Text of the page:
When it comes to volunteering, the most important thing that happened in 2019 is the new Draft Law on Volunteering. After the procedure of public debate has been conducted, the Government passed the proposal of the new law in November and now it entered parliamentary procedure. The Law introduces new definition of volunteering, ways of keeping records on volunteers, and it does not obligate organizers of volunteering actions to sign contract with a volunteer if the volunteering is less than 10 hours per week, which is one of the changes the most advocated by CSOs. According to information obtained from the Ministry of Public administration, the new law is in accordance with strategic documents and it will establish volunteerism as civic activism instead of working relationship. Adoption of this law is in accordance with the Strategy on improving enabling environment for the work of CSOs in Montenegro 2018-2020.
Until the new law is adopted and comes to force, this area is still regulated by the Law on Voluntary work. This law defines voluntary work as unpaid and done in freewill. It requires that volunteers and organizers of voluntary work must sign a contract The law also states that volunteers have volunteer booklets which are issued by local administration, which is not used in practice as local self-governments do not issue these booklets.
The Law prohibits volunteering to children under 15 years of age, even in cases when activities are organized by educational institutions or are in the function of education of those children. In that way, the Law is preventing the development of culture of volunteerism exactly in that age group that would be a natural target group for the development of culture of volunteerism. It should be noted that these provisions of the Law are in conflict with the practice of the Bureau for Education Services, that has optional and compulsory curricula materials for elementary and high school education, titled “Volunteer and humanitarian work”, which includes practical volunteering.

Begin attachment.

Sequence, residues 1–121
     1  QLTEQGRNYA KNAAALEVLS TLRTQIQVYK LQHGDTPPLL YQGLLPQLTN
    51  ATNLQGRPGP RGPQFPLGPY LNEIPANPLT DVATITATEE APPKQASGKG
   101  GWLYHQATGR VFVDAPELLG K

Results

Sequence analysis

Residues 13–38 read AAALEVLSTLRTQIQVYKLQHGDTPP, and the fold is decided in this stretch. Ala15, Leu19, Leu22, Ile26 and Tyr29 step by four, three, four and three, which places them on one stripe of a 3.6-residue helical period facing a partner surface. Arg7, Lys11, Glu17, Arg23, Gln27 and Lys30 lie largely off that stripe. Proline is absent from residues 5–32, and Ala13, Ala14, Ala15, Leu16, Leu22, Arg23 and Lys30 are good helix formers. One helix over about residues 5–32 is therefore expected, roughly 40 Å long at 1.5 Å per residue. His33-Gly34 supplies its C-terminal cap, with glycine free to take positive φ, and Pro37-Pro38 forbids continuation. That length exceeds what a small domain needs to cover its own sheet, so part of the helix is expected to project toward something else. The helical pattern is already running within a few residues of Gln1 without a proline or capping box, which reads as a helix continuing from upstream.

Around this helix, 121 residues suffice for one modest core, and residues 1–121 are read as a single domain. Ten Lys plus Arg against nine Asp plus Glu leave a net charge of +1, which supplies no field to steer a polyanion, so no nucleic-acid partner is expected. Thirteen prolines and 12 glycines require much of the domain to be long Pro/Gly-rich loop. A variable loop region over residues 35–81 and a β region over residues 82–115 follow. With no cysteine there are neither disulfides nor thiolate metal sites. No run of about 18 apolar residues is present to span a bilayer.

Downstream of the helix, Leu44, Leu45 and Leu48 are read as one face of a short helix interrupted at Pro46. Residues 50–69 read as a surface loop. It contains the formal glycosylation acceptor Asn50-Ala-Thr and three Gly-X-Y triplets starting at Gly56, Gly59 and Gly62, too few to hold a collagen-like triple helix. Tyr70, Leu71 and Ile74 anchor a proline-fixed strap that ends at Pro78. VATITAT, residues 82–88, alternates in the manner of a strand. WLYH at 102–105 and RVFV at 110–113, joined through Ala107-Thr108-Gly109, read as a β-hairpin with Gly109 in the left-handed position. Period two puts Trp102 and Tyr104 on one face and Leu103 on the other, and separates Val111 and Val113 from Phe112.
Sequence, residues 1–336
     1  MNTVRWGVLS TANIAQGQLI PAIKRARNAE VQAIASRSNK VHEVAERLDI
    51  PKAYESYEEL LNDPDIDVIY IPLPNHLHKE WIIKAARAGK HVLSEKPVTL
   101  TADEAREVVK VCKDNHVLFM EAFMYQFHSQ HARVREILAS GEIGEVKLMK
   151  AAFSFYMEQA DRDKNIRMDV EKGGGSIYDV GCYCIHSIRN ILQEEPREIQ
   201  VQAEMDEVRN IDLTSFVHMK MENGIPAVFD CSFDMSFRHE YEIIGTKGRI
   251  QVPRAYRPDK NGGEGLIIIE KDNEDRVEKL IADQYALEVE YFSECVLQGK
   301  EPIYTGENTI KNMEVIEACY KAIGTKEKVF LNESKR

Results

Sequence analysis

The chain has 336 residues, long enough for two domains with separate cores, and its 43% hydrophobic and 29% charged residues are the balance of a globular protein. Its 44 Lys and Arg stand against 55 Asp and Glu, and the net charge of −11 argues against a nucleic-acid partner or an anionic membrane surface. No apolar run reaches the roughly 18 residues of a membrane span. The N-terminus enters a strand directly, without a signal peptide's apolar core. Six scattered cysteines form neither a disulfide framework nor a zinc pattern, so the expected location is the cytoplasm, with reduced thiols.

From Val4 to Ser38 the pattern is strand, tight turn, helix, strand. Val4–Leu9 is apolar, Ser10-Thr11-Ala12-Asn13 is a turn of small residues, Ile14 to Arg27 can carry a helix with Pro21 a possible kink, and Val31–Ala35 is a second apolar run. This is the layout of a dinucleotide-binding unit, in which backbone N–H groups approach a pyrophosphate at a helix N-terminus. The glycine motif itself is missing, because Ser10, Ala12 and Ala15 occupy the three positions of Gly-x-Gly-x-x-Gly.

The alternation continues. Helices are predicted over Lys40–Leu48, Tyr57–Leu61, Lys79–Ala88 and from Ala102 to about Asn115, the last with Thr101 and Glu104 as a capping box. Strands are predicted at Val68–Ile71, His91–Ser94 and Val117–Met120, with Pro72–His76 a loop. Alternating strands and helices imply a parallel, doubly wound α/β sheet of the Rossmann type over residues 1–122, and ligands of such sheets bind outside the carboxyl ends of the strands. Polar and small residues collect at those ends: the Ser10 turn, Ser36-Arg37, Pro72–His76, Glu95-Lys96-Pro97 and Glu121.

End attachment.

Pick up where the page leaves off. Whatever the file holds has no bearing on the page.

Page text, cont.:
Volunteer work can take up to six hours a day and no more than 25 hours a week. If the contract on volunteer work is concluded in the case of vocational training, the volunteer work can last no longer than 40 hours per week. The agreement on volunteer work is concluded in writing between the volunteer and the volunteer organizer. The organizer of volunteer work is obliged to register the volunteer for insurance in case of injury or occupational disease during the volunteer work. However, even though the law stipulates these provisions, such cases are not very common in practice.
0 – 20 Fully disabling environment20 – 40 Disabling environment
40 – 60 Partially enabling environment60 – 80 Enabling environment
80 – 100 Fully enabling environment
There are no incentives for volunteers, but some are planned when the Law on Volunteerism is adopted. Interviewed representatives of youth/volunteer organizations all agree that there are no programs and incentives for volunteers on national level. There are some on international level, but those are not available to all volunteers.
Based on the questionnaire answers, 66.7% of the organizations included volunteers in their work. Out of these organizations, several received certain requests regarding volunteers. Namely, 9.37% had to register their volunteers to the authority while 6.25% believe administrative procedure for volunteers is complicated. Others did not encounter any problems. None of the organizations reported sanctions for not registering volunteers or for organizing spontaneous volunteering.